Wednesday, May 27, 2020

The CDC confirms remarkably low coronavirus death rate. Where is the media?

Daniel Horowitz

Most people are more likely to wind up six feet under because of almost anything else under the sun other than COVID-19.

The CDC just came out with a report that should be earth-shattering to the narrative of the political class, yet it will go into the thick pile of vital data and information about the virus that is not getting out to the public. For the first time, the CDC has attempted to offer a real estimate of the overall death rate for COVID-19, and under its most likely scenario, the number is 0.26%. Officials estimate a 0.4% fatality rate among those who are symptomatic and project a 35% rate of asymptomatic cases among those infected, which drops the overall infection fatality rate (IFR) to just 0.26% — almost exactly where Stanford researchers pegged it a month ago.

Until now, we have been ridiculed for thinking the death rate was that low, as opposed to the 3.4% estimate of the World Health Organization, which helped drive the panic and the lockdowns. Now the CDC is agreeing to the lower rate in plain ink.

Plus, ultimately we might find out that the IFR is even lower because numerous studies and hard counts of confined populations have shown a much higher percentage of asymptomatic cases. Simply adjusting for a 50% asymptomatic rate would drop their fatality rate to 0.2% – exactly the rate of fatality Dr. John Ionnidis of Stanford University projected.

More importantly, as I mentioned before, the overall death rate is meaningless because the numbers are so lopsided. Given that at least half of the deaths were in nursing homes, a back-of-the-envelope estimate would show that the infection fatality rate for non-nursing home residents would only be 0.1% or 1 in 1,000. And that includes people of all ages and all health statuses outside of nursing homes. Since nearly all of the deaths are those with comorbidities.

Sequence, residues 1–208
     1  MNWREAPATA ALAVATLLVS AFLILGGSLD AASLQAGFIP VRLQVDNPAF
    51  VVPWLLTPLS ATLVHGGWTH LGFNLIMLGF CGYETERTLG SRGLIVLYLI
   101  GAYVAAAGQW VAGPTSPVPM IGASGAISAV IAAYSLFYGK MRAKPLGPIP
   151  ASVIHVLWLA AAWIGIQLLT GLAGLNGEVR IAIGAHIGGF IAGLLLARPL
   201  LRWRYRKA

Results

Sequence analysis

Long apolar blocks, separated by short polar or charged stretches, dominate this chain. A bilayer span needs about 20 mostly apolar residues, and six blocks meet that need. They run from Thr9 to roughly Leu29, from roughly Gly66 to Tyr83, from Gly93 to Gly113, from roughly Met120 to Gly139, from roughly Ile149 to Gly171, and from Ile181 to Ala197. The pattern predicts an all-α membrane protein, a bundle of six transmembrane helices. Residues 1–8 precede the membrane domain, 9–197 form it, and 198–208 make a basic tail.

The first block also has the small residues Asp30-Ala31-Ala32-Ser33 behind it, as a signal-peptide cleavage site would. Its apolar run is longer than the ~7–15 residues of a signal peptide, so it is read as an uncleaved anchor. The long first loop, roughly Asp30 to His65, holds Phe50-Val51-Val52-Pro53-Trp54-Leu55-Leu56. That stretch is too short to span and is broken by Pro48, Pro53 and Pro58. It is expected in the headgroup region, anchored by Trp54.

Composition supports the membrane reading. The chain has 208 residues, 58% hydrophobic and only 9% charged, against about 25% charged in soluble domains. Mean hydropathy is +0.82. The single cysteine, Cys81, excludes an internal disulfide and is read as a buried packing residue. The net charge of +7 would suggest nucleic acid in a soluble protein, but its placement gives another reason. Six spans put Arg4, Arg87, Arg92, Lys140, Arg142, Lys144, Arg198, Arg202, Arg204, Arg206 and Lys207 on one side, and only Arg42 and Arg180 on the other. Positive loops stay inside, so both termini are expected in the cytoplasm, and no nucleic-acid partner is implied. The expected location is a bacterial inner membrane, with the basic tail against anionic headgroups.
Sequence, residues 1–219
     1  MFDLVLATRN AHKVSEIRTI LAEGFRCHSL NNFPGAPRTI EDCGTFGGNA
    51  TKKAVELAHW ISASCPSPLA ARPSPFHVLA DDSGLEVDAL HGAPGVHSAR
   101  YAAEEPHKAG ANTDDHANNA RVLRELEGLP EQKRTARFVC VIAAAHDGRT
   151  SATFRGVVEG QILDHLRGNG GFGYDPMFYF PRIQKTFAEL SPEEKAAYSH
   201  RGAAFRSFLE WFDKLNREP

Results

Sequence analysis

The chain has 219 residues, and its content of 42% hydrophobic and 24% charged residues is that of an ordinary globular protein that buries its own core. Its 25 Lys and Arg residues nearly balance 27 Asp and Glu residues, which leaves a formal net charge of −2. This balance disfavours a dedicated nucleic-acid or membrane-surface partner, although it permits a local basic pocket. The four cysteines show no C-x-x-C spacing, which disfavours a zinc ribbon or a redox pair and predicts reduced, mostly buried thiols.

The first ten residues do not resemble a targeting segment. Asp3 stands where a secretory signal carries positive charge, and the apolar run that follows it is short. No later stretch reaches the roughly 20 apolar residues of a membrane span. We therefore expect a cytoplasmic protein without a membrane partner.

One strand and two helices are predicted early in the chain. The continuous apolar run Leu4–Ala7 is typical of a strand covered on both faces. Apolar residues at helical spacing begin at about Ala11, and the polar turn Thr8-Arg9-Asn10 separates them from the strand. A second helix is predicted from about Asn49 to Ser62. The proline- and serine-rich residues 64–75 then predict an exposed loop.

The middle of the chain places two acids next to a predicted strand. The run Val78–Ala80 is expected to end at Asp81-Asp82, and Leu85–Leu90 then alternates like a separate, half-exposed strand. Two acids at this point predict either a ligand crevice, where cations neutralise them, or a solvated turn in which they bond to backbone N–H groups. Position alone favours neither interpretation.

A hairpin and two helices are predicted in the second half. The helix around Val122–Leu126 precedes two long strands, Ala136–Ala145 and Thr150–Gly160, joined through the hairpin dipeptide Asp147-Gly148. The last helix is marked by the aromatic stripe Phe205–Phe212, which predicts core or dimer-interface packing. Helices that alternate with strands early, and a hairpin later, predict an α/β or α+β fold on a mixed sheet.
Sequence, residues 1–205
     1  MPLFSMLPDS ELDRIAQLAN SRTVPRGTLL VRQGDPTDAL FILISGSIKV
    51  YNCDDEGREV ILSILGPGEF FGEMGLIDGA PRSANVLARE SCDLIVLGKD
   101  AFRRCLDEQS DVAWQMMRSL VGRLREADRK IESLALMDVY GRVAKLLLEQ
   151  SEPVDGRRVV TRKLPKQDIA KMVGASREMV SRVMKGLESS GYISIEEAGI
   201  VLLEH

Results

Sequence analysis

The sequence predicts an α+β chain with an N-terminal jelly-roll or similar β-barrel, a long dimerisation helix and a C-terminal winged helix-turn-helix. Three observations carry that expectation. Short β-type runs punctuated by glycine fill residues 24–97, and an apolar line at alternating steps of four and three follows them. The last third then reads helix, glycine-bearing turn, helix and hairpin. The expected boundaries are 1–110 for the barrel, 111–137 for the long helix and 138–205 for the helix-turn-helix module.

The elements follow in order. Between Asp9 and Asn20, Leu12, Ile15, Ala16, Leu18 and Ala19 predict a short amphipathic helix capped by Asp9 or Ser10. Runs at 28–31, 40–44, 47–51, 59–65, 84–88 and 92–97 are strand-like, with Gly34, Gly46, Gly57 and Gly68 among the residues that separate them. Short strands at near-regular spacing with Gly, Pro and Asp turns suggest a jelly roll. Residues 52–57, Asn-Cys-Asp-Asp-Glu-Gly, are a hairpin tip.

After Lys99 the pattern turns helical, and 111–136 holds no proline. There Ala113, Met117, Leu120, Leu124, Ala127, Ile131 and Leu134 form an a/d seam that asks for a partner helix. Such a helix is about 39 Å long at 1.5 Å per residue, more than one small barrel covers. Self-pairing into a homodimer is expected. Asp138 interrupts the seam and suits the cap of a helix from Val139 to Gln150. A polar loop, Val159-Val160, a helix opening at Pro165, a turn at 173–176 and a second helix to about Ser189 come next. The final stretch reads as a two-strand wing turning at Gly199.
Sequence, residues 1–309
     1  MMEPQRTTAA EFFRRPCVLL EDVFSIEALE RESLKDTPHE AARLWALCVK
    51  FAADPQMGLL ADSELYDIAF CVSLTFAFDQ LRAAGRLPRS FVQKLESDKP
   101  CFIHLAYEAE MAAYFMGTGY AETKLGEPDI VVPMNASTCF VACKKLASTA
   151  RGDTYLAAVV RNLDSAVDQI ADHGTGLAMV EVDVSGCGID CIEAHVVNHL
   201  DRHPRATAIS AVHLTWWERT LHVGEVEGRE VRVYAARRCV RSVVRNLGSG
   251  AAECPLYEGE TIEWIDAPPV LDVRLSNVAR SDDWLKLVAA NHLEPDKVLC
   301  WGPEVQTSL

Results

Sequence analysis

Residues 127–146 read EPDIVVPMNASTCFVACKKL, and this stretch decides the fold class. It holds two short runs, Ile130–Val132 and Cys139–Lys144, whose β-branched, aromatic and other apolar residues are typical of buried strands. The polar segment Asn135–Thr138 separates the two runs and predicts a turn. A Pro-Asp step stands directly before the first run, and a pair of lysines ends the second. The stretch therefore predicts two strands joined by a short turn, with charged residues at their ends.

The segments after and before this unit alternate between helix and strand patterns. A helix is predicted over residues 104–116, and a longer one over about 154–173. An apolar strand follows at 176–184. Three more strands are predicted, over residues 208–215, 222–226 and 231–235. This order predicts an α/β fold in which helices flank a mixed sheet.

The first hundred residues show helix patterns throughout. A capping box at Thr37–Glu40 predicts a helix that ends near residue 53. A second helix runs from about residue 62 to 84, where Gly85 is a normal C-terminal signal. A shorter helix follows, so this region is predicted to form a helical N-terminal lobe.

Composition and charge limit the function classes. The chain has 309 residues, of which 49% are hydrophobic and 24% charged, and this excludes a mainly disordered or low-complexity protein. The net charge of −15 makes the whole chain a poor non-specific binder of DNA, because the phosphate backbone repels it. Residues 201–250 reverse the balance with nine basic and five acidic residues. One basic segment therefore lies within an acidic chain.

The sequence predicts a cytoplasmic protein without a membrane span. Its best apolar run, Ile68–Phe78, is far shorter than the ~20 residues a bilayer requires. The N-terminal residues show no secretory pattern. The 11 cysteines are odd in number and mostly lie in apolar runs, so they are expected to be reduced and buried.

The CDC estimates the death rate from COVID-19 for those under 50 is 1 in 5,000 for those with symptoms, which would be 1 in 6,725 overall, but again, almost all those who die have specific comorbidities or underlying conditions. Those without them are more likely to die in a car accident. And schoolchildren, whose lives, mental health, and education we are destroying, are more likely to get struck by lightning.

To put this in perspective, one Twitter commentator juxtaposed the age-separated infection fatality rates in Spain to the average yearly probability of dying of anything for the same age groups, based on data from the Social Security Administration. He used Spain because we don’t have a detailed infection fatality rate estimate for each age group from any survey in the U.S. However, we know that Spain fared worse than almost every other country. This data is actually working with a top-line IFR of 1%, roughly four times what the CDC estimates for the U.S., so if anything, the corresponding numbers for the U.S. will be lower.

As you can see, even in Spain, the death rates from COVID-19 for younger people are very low and are well below the annual death rate for any age group in a given year. For children, despite their young age, they are 10-30 times more likely to die from other causes in any given year.

While obviously yearly death rates factor in myriad of causes of death and COVID-19 is just one virus, it still provides much-needed perspective to a public policy response that is completely divorced from the risk for all but the oldest and sickest people in the country.

Also, keep in mind, these numbers represent your chance of dying once you have already contracted the virus, aka the infection fatality rate. Once you couple the chance of contracting the virus in the first place together with the chance of dying from it, many younger people have a higher chance of dying from a lightning strike.

Four infectious disease doctors in Canada estimate that the individual rate of death from COVID-19 for people under 65 years of age is six per million people, or 0.0006 per cent – 1 in 166,666, which is “roughly equivalent to the risk of dying from a motor vehicle accident during the same time period.” These numbers are for Canada, which did have fewer deaths per capita than the U.S.; however, if you take New York City and its surrounding counties out of the equation, the two countries are pretty much the same. Also, remember, so much of the death is associated with the suicidal political decisions of certain states and countries to place COVID-19 patients in nursing homes. An astounding 62 percent of all COVID-19 deaths were in the six states confirmed to have done this, even though they only compose 18 percent of the national population.